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For some lifters, building an impressive chest is simply a matter of dialed-in training, nutrition, and recovery.

Others have additional challenges to overcome. Namely, genetics. 

Genes play a big role in the look (and strength) of the chest muscles. This can be a problem for those without the blessing of Arnold-level chest genetics.

Have you put in the same effort as others around you, but aren’t seeing the results you want? This article is specifically for you.

First, we’ll give you answers. We’re going to do a deep dive into the many ways genetics can affect your chest muscles.

However, we won’t leave you hanging there. We also cover the best exercises and tips to work with – and perhaps overcome – the chest genetics you’ve been dealt.

What are bad chest genetics?

bad chest genetics

Bad chest genetics are one or more factors that make it difficult or impossible for some individuals to get an idealized, aesthetic chest.

These traits include things like body type, muscle fiber type distribution, hormone levels, and even age and gender.

More specifically, bad chest muscle genetics affects muscle attachment sites and the level of separation between the heads of the muscle.

It also affects the fusion of the pectoralis major with the front part of the deltoid and the crossing of the muscle fibers at the sternum.

In short, Mother Nature has a big say in your potential for the look and performance of your chest muscles.

The following sections will dive further into these genetic factors before telling you how to work with what you’ve got.

Different Types of Muscle Fibers in Your Chest

One genetic factor that can influence the look of your chest is the proportion of fast or slow-twitch muscle fibers you have.

Our muscle tissue has different types of fibers, called type I, type IIA, and type IIB. 

Type I, or slow-twitch muscle fibers, are used in more endurance-based, aerobic activities.

Type II fibers are used for shorter durations but are thicker in diameter.

The proportions of these fiber types vary from muscle to muscle and person to person.

This means that someone with a genetically higher proportion of type II fibers in the pectoral muscles will have an easier time growing a bigger chest.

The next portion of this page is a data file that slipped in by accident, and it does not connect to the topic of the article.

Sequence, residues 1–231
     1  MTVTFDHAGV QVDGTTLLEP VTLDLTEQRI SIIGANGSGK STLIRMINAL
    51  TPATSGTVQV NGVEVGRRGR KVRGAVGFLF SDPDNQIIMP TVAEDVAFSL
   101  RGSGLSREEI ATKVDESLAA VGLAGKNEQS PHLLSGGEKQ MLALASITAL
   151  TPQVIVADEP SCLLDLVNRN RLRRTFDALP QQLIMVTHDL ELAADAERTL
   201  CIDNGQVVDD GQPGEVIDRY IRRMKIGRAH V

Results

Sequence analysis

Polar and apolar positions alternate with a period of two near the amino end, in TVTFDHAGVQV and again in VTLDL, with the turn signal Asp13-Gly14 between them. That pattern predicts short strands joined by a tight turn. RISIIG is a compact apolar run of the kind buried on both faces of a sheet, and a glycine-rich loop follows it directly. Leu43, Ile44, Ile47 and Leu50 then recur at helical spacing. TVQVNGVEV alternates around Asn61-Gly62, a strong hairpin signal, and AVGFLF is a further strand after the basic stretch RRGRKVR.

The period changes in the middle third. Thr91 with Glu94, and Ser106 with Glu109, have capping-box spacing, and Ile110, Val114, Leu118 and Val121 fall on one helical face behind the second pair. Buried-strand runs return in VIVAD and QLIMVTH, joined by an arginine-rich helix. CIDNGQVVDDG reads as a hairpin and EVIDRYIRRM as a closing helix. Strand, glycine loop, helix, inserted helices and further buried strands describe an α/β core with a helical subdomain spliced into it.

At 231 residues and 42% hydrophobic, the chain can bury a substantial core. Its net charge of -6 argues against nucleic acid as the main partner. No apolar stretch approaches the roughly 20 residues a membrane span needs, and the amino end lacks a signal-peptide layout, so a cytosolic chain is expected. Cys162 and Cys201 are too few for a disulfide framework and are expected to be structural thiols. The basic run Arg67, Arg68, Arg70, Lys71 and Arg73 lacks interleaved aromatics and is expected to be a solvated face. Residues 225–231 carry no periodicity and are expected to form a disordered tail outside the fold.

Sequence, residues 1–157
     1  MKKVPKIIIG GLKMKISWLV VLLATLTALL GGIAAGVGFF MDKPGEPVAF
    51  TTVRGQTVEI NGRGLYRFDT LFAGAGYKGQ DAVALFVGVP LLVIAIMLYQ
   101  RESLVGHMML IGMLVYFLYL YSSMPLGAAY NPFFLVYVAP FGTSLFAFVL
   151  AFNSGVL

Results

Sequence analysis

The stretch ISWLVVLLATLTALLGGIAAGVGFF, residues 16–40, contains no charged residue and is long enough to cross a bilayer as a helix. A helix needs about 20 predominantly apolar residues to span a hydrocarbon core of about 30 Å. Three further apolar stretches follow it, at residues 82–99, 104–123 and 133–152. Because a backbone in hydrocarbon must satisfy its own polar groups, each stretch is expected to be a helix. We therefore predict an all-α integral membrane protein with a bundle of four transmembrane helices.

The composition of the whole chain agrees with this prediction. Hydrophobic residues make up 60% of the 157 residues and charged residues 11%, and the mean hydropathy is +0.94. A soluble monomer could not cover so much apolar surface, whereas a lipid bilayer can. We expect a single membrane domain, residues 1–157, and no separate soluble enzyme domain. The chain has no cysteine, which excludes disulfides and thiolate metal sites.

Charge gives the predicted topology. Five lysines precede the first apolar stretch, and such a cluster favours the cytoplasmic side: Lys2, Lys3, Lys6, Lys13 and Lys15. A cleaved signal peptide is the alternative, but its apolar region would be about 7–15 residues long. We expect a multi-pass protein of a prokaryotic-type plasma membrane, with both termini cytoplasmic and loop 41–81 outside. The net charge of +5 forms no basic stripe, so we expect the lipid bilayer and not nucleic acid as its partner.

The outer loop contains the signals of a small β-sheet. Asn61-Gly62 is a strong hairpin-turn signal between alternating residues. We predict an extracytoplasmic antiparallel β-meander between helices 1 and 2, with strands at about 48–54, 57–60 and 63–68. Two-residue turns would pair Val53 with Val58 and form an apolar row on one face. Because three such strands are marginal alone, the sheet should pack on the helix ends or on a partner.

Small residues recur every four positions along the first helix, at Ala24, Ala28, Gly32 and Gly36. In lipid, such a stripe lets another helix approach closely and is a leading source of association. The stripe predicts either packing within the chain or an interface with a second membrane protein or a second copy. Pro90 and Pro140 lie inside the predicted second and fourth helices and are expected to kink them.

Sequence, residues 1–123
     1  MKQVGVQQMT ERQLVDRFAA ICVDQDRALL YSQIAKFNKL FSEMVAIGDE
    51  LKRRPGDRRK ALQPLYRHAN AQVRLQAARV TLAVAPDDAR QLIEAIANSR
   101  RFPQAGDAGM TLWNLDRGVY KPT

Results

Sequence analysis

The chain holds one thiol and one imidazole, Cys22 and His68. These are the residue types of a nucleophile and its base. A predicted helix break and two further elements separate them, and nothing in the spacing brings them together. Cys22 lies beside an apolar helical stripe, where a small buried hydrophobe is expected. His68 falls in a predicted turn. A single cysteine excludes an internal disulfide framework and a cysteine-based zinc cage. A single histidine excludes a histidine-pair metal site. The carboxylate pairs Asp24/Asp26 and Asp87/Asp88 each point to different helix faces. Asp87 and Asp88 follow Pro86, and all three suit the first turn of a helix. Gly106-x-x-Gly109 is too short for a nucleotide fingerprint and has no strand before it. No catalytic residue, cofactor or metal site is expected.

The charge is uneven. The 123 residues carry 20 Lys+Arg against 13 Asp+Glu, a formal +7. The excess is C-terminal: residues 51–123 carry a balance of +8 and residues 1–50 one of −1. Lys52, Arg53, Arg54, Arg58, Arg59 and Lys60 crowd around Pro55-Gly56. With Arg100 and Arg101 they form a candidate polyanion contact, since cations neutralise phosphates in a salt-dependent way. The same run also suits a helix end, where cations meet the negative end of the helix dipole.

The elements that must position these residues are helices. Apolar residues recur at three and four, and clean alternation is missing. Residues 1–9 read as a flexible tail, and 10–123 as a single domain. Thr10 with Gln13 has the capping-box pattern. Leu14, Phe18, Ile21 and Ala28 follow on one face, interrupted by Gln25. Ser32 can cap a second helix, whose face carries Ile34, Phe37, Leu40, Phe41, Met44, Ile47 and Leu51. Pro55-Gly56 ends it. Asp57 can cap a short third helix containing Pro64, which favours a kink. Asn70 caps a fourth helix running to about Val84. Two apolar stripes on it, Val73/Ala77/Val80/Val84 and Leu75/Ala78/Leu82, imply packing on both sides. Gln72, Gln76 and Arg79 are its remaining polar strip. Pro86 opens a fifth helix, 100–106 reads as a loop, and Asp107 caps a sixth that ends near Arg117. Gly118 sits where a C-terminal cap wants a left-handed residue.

Reasons You Have a Gap Between Your Chest Muscles

Genetics

As mentioned, genetics plays a big role in how your chest muscles look.

In terms of having ‘bad’ inner chest genetics, the origin of the pectoralis major muscles can attach to the sternum further apart from each other, leaving a gap.

Many other variations of chest genetics exist, from attachment of the muscle to different ribs to the existence of entirely new pec muscles in between the pec major and minor.

For example, if you look at a photo of Terry Crews, you can see he has a wider gap in the upper chest area.

Popular fitness influencer and bodybuilder Tristan Lee has somewhat bad muscle genetics in the lower chest, with a wider gap between attachment sites.

Training

While bad chest muscle genetics are certainly a factor for some people, others may simply lack the muscle mass for a good-looking chest.

The most prominent cases of bad chest genetics are when the individual is either very muscular, very lean, or both.

For everyone else, you may simply need to keep training to build the chest up.

If you’re a beginner, chances are genetics isn’t the primary factor in your underdeveloped chest muscles.

And remember – you can’t change genetics. Work with what you have and keep a consistent training regime to see longer-term chest gains.

Weight

As mentioned above, a gap between the chest muscles becomes more apparent the leaner you are.

For those who aren’t necessarily looking to compete at super-low levels of body fat, adding some weight can help create a fuller-looking chest.

Since the gap is created by shorter muscle attachment sites, a little extra body fat can actually create a less harsh appearance to the middle chest.

Examples of how this can work can be seen in many progress videos of skinny teens who train and bulk for several years.

They often start with next to no muscle, and the chest can look as though they have bad chest genetics, with visible ribs or prominence in the breastplate.

After a few years of consistent training and good nutrition, however, the chest gaps – along with everything else – fill out and the appearance improves markedly.

Chest Genetics Types

Related: Why Are My Arms So Skinny?

There are obviously many factors that go into having good vs. bad chest genetics.

This section will briefly cover what it means to have “good” chest genetics (in terms of aesthetics and strength).

We’ll also cover what typical “bad” muscle genetics can look like.

For those who are disappointed with a slight chest gap, it’s also important to include some information about the real worst chest genetics conditions.

Good Chest Genetics

A lot of people would agree that one of the best examples of good chest genetics is Arnold Schwarzenegger.

You can see in the footage above the combination of perfect muscle insertions along the entire origin of the muscle, along with huge mass and definition.

The result is a barrel-like chest. There’s great separation between the lower and upper heads and aesthetic blending into the deltoid muscles.

Of course, Arnold had help from performance-enhancing substances. But genetics (and a lot of insanely hard work) played a big role in Arnold having arguably the best chest of all time.

Bad Chest Genetics

When it comes to the general fitness community, “bad” chest genetics are seen as non-optimal tendon insertions on the sternum and ribs, creating gaps in the muscle area. 

Even genetic traits such as nipple size, shape, and location can change the aesthetics of the chest.

Another condition in this area that can affect the look of the chest is gynaecomastia, which involves excessive breast tissue growth in males.

But there are more severe genetic traits that can have consequences beyond looking good on stage or in the mirror.